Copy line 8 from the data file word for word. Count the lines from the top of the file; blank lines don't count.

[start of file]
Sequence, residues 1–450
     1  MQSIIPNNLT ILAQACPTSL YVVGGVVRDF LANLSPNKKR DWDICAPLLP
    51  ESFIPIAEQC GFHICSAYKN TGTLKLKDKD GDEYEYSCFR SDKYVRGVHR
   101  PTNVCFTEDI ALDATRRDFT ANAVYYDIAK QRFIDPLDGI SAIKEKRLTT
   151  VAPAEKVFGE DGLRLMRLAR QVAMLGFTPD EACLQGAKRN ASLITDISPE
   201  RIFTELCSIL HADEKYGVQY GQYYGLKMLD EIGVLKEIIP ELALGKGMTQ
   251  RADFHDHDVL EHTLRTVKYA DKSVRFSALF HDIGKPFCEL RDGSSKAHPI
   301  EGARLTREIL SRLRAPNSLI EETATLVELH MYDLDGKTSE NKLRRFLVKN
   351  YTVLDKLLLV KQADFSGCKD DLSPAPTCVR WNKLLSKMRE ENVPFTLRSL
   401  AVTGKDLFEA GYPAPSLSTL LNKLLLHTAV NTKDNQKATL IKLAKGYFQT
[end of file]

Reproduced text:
   301  EGARLTREIL SRLRAPNSLI EETATLVELH MYDLDGKTSE NKLRRFLVKN